This Week: New home sales, US GDP, consumer spending

The Commerce Department issues its April snapshot of new U.S. home sales Tuesday and its latest estimate of first-quarter GDP decline on Thursday

A look at some of the key business events and economic indicators upcoming this week:

HOUSING MARKET BELLWETHER

The economic fallout from the coronavirus pandemic has spared few areas of the economy, and the market for newly built homes is no exception.

Sales of new U.S. homes plunged 15.4% in March to a seasonally adjusted annual rate of 627,000 homes as a spike in job losses gave many would-be buyers reason to hold off. The Commerce Department is expected to report Tuesday that sales of new homes slowed to a seasonally adjusted annual rate of 493,000 homes.

New home sales, seasonally adjusted annual rate, by month:

Nov. 700,000

Dec. 723,000

Jan. 777,000

Feb. 741,000

March 627,000

April (est.) 493,000

Source: FactSet

A SHRINKING ECONOMY

The government’s latest estimate of how the U.S. economy fared in the first three months of the year is due out Thursday.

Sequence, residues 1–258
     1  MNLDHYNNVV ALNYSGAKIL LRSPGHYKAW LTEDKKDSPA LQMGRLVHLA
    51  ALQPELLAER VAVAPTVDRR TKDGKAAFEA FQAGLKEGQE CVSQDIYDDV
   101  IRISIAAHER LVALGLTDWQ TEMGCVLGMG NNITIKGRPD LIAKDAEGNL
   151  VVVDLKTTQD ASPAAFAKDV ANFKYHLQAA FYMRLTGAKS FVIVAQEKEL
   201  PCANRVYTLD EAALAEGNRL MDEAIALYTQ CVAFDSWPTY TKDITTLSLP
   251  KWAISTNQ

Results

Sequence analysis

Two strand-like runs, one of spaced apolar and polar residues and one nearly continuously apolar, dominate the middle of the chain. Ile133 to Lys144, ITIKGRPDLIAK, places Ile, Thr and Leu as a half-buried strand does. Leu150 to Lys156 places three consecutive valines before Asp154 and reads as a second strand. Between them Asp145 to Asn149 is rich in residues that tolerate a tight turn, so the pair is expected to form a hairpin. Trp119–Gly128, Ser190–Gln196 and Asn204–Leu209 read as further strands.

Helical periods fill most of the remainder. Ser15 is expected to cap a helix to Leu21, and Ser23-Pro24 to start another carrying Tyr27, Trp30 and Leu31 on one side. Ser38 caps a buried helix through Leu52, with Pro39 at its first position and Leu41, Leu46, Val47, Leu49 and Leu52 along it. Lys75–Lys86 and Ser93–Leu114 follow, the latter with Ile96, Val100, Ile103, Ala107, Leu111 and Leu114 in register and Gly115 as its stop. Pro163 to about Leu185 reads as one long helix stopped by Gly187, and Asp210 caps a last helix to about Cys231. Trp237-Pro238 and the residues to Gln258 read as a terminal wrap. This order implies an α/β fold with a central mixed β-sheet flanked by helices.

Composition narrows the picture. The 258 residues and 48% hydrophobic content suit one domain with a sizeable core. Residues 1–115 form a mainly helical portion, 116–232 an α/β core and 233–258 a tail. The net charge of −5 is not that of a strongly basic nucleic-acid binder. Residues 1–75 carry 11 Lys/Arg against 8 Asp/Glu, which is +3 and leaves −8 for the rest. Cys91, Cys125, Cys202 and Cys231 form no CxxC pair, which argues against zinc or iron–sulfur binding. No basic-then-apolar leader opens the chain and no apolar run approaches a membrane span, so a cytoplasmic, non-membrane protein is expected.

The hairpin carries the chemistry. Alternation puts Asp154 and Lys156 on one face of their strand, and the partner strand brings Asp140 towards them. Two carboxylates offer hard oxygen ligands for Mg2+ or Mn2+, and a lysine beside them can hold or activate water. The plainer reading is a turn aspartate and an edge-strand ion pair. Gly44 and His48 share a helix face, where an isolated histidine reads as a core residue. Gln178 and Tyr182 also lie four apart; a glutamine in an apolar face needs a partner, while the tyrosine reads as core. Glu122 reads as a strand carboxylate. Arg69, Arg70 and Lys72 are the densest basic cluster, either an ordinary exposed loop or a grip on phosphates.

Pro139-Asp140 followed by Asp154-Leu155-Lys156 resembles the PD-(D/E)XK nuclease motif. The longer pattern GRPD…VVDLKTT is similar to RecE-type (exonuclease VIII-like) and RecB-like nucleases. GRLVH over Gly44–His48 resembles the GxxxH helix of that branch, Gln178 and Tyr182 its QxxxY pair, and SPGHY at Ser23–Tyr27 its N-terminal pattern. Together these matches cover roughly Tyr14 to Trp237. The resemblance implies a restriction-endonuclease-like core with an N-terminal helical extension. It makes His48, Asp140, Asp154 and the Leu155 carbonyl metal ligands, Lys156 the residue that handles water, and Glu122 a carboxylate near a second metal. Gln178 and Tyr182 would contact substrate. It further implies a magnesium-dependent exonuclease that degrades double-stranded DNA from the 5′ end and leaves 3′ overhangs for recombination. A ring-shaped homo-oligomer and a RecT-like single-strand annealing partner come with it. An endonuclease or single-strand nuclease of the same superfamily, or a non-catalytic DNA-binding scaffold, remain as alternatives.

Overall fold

With large swaths of the economy having shut down in March due to the coronavirus, economists expect that the nation’s gross domestic product shrank at a 4.8% seasonally adjusted annual rate in the first quarter. That would mark the first quarterly drop in U.S. GDP in six years.

GDP, seasonally adjusted annual rate, by quarter:

Q4 2018: 1.1

Q1 2019: 3.1

Q2 2019: 2.0

Q3 2019: 2.1

Q4 2019: 2.1

Q1 2020 (est.): -4.8

Source: FactSet

ANOTHER BIG SPENDING PULLBACK?

The coronavirus outbreak has limited Americans' shopping options, translating into a big drop in spending.

U.S. consumer spending plunged 7.6% in March, the sharpest monthly drop on records that go back to 1959. Economists project that the Commerce Department will report Friday that consumer spending fell by an unprecedented 12.6% last month. Americans account for 70% of economic activity, so the less they spend, the more it hurts the economy.

Consumer spending, monthly percent change, seasonally adjusted:

Nov. 0.3

Dec. 0.4

Jan. 0.5

Feb. 0.2

March -7.6

April (est.) -12.6

Source: FactSet